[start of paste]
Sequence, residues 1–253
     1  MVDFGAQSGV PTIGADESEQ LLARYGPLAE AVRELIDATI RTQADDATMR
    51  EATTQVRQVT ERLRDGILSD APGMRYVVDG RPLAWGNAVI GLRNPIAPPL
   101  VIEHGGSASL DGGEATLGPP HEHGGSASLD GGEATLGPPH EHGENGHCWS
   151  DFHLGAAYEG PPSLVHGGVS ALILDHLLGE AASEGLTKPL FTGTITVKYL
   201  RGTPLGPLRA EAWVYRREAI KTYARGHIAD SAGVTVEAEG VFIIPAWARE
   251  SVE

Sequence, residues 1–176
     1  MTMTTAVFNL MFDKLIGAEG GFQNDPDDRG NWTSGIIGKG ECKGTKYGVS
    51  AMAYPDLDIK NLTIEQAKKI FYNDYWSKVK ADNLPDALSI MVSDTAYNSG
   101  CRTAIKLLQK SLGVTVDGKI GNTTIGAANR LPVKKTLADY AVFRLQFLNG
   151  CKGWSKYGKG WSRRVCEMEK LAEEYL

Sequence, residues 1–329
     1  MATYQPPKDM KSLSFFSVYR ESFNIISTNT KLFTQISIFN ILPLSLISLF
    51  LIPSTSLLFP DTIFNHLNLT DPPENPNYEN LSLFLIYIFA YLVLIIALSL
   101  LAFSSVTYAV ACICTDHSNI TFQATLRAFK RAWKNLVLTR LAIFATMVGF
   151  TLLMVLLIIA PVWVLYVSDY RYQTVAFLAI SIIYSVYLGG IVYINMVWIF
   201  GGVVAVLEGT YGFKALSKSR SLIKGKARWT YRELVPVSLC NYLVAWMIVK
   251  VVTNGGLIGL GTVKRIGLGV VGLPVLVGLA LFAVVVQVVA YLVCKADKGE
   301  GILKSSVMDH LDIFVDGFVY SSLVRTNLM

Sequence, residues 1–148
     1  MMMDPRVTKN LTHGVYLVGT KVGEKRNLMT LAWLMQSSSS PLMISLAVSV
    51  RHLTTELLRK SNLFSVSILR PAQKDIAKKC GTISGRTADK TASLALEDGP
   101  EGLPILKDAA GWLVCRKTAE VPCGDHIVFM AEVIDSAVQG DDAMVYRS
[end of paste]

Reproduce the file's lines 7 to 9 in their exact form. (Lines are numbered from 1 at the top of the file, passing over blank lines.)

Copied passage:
   251  SVE

Sequence, residues 1–176
     1  MTMTTAVFNL MFDKLIGAEG GFQNDPDDRG NWTSGIIGKG ECKGTKYGVS